Oh Bother! “Winnie-the-Pooh: Blood and Honey” Offers a Lesson in Freedom of Expression within the Public Domain [Spoilers]

“This ain’t no bedtime story.”

This tagline was plastered on thousands of movie posters promoting director Rhys Frake-Waterfield’s “Winnie the Pooh: Blood and Honey.” Author A. A. Milne’s beloved characters undergo a drastic makeover as they are transformed into feral serial killers who prey upon the residents of the Hundred-Acre Woods. Prior to its release Feb. 15, the art community was abuzz with curiosity and anticipation for what will come as more popular works enter the public domain. 

For 95 years, the A. A. Milne Estate owned the copyright for the original “Winnie-the-Pooh” children’s book, making it intellectual property. If a creator wanted to produce a work based on Milne’s characters, they had to request permission and pay a fee to the estate, or Disney, who bought the licensing rights in 1961. Caitlin Carlson, professor and chair of the communication and media department at Seattle University, details how these laws serve as a way to protect the original creator’s work and provide royalties for themselves and devisees.

“Intellectual property laws, like copyright, allow creators to determine how their work is used,” Carlson wrote to The Spectator. “Oftentimes, these creations can generate profits for organizations when they are featured in books, television and films. Owning the copyright gives the copyright holder the discretion to determine when and where the work is used.”

After the copyright ended in 2022, “Winnie-the-Pooh” entered the public domain, allowing creators to produce works based on Milne’s characters freely. While it is impossible to determine how Milne would feel about Frake-Waterfield’s film, Magaret Chon, the Donald and Lynda Horowitz Endowed Chair for the Pursuit of Justice in the Seattle U School of Law, believes creators should be given the opportunity to produce work based on popular media. Through the public domain, Chon says individuals can capitalize on works that were once out of reach to them because of copyright laws. 

“The public domain provides a lot of raw material for making money. It is not just Hollywood studios who can take [creative work] and do something with it,” Chon said. “I think that is really important to allow that freedom for the rest of society to create stuff.”

One student who sees the public domain’s benefits is Second-year Chemistry Major Neve Quinn. In their spare time, Quinn writes science fiction stories that they only share with close friends. Although they see writing as a hobby rather than a profitable activity, Quinn believes creators should be able to write stories based on others’ work without having a price attached.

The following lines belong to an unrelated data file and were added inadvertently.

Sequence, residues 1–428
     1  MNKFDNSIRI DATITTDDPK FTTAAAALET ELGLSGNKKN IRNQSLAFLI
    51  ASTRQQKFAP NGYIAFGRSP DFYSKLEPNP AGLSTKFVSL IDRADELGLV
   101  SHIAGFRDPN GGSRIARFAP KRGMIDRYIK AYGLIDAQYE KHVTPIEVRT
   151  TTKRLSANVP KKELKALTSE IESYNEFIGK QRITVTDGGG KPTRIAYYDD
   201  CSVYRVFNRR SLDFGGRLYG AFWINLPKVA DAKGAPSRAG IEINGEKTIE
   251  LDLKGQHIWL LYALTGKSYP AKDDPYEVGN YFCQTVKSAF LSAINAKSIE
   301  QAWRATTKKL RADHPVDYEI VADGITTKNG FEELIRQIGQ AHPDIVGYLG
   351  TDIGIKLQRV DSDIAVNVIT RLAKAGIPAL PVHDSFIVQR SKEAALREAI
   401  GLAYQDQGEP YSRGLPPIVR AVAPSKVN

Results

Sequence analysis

“I think [the public domain] promotes creativity because there are a lot of ideas out there that can be used again and again, and I don’t think it is necessarily ‘stealing work’ as it is building off an idea. I think two ideas can exist [without] it being [considered] stealing,” Quinn said. “It’s weird that people are putting money and barriers up to people’s creativity [despite it being] an escape for people [who]are consuming [and] producing the work.”

With a reported $100,000 budget, Drake-Waterfield’s horror film has exceeded that amount in the box office, totaling to around $1.7 million domestically and counting. Despite its success, it has been panned by critics for its clichè narratives and low production quality. Some audience members believed the film was a hilariously entertaining spin-off of the original children’s book, despite it receiving a 4/10 user rating on IMDb.  

Both reviews have merit, as “Winnie-the-Pooh: Blood and Honey” could not settle on whether it wanted to be a serious horror film or a satiric take on A. A. Milne’s original characters. Because of the lack of identity, the film seemed incomplete as many characters and stories were not expanded on enough. There was no attempt at making any of the characters intriguing or sympathetic, reducing them to items on Pooh and Piglet’s chopping block. It seems this movie’s existence was to flaunt the “Winnie-the-Pooh’” image without creating an original story. 

Clodagh Walsh, as second-year psychology major at Seattle U, watched “Winnie-the-Pooh: Blood and Honey” and expressed their dislike for the film’s writing, characters and plot.

“It felt like whoever wrote this movie sat down and wrote some creepy Winnie the Pooh fanfiction. [But] it’s been like 100 years; what does it matter?,” Walsh said.

Frake-Waterfield has confirmed a sequel is in the works with an expected February 2024 release date, according to Variety. With the hopes of earning a higher production budget, viewers may have to take another trip to the Hundred-Acre Woods to truly see Frake-Waterfield’s vision.